Annoyed over the indifference of successive governments towards their village, a section of young voters are contemplating voting “against all” in the Lok Sabha election at Midwan in Anandpur Sahib of Punjab .
They feel that by opting for NOTA, they will send a strong message to all parties about the displeasure of villagers regarding their problems.
“In an another month-and-a-half, the monsoon will hit the region. Water will start gushing through the local stream (nullah), which flows right through the middle of the village. For villagers commuting from one part of the village to another, life becomes difficult for two or three months. Students can’t cross the nullah and if they want to go to school, they have to travel about two kilometres from the forest road. Our movement is also restricted during medical emergencies,” says Dharam Singh, who works as an agent with an insurance company.
“We need a permanent bridge over this stream… Its not as if a very big bridge is needed, only a small bridge which will make our lives easier but no political party seems to care. During election, they come and promise to solve our problems but then nothing happens. This is the reason many here are contemplating NOTA this time,” Mr. Singh says.
Situated barely 5 km from the main town of Anandpur Sahib on the State highway, Midwan village, which has over 600 residents, grapples with poor drainage, inadequate street lighting, lack of sewage system and battered roads.
Amarjeet Kaur, a homemaker, has been using a new toilet in her house built under the Swachh Bharat Mission, which she says was a well-intentioned initiative by the Centre. She, however, adds that in absence of a sewage system in the village, the purpose of having a toilet is defeated.
“Construction of toilet is one thing but using it and maintaining it is another… To pump out the human waste from the pit once it reaches full capacity costs around ₹2,000 through machine or else it had to be emptied manually,” says Jasbir Kaur, the sarpanch of the village.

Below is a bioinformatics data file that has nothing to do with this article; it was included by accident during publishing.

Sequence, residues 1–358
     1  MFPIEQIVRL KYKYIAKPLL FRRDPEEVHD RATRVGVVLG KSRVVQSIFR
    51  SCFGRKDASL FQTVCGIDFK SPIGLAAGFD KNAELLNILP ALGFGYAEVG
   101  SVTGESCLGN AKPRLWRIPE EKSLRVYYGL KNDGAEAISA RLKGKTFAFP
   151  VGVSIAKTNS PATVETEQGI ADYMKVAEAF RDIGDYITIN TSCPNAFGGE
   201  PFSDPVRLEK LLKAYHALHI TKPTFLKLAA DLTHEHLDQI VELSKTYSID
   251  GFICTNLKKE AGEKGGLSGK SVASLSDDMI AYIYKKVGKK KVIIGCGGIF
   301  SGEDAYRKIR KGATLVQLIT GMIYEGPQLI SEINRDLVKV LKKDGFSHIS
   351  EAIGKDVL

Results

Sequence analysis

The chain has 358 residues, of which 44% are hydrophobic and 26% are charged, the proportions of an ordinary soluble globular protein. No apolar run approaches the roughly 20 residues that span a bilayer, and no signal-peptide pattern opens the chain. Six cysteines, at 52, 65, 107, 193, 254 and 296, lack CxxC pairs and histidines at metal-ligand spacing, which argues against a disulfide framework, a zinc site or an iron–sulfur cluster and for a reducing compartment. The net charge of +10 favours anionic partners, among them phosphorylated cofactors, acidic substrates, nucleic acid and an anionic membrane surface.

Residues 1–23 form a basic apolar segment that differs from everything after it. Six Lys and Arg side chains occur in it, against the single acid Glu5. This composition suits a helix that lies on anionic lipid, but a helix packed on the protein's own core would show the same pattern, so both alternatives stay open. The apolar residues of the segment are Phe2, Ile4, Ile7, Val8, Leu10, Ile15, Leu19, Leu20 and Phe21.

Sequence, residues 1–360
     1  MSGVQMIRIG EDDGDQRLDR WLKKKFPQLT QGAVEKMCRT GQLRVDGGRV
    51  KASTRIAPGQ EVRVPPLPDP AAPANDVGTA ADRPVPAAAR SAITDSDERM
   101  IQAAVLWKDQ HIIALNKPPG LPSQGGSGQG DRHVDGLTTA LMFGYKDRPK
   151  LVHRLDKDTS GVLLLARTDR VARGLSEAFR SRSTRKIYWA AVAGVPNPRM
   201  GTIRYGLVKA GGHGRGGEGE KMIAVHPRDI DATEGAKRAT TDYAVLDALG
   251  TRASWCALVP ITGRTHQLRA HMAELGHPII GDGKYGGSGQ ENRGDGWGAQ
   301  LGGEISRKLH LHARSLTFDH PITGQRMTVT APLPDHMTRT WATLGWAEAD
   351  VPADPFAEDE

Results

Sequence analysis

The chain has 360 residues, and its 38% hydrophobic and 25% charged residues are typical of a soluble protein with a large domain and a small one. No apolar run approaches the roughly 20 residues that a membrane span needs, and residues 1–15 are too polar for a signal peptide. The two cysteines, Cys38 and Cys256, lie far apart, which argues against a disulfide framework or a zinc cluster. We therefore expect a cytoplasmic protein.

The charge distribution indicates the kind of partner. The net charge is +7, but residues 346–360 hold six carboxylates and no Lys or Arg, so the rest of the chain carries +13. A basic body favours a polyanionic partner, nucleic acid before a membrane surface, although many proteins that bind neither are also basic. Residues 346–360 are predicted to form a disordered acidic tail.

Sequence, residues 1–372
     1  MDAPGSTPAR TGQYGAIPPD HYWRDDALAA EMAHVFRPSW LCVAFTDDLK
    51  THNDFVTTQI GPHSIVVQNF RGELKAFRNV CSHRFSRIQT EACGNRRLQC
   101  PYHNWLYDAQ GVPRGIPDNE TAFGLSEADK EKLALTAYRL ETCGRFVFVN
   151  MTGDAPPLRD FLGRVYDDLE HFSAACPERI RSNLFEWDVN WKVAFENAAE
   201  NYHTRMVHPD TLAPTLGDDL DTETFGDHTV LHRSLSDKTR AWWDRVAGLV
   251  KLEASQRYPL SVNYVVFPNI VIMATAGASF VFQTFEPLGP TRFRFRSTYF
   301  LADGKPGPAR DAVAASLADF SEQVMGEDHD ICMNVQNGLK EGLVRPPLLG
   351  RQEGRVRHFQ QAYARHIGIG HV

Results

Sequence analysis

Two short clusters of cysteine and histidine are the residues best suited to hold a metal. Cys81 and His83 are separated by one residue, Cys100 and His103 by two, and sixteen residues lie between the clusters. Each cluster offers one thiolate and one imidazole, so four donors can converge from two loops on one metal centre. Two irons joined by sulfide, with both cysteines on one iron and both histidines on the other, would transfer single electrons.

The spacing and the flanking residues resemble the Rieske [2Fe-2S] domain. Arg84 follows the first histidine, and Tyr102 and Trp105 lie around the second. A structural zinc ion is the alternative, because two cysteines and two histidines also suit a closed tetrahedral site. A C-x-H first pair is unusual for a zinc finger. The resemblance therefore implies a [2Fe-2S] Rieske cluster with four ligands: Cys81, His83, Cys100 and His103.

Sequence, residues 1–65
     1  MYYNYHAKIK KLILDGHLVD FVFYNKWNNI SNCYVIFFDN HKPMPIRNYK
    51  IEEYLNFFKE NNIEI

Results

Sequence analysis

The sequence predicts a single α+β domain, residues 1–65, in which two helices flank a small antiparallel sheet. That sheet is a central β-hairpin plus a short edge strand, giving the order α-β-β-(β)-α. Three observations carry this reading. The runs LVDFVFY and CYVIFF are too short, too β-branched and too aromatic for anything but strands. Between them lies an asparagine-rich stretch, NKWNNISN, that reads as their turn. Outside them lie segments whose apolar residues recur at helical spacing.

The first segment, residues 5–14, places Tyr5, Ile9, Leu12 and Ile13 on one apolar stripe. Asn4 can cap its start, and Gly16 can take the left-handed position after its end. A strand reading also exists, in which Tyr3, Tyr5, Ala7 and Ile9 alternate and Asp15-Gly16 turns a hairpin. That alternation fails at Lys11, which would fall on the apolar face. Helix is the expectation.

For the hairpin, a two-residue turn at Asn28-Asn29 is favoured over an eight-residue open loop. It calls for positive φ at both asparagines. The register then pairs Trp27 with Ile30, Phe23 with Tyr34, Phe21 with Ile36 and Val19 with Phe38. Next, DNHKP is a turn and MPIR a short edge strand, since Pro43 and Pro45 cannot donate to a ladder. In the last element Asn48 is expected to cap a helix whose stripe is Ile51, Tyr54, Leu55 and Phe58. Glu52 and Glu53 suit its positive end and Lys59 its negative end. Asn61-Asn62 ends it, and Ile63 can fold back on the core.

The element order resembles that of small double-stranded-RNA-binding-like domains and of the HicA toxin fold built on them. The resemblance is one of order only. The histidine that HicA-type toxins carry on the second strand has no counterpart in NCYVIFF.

While Ms. Kaur and her family are not favouring NOTA, she feels that politicians should fulfil long-pending demands of the villagers. “There is an urgent need for the bridge, there are no streetlights, drainage and safe drinking water is another problem, the middle school needs to be upgraded. Besides, many in the village are still living in kachcha houses,” she adds.
Ravi Dutt, who runs a small-scale grease factory adjacent to the highway, points out that in the absence of a proper drainage system in the village, water gets accumulated in most parts of the village, making life difficult for its residents. “We have a middle school here, its ground turns into a swamp during the rains; snakes are a common sight, and it is dangerous for students and others to be in the school,” he says.
Social media to the rescue
Budh Ram, 31, a bus driver by profession, recently chose WhatsApp to mobilise support for NOTA. He says the effort seems to have started yielding positive result. “After I started a group on WhatsApp, titled Youth of Midwan, and urged people to consider NOTA this time, it started yielding positive results. A senior BJP leader recently visited the village and met us, requesting us not to opt for NOTA and promised that he would personally try to resolve our problems,” he says.
The electoral battle in one of the holiest places of the Sikhs is witnessing a multi-cornered contest among candidates of the Congress, Shiromani Akali Dal, Aam Aadmi Party and a breakaway faction of the Akali Dal, Shiromani Akali Dal (Taksali).
The SAD has fielded its sitting MP, Prem Singh Chandumajra, while the Congress has pitted Manish Tewari against him.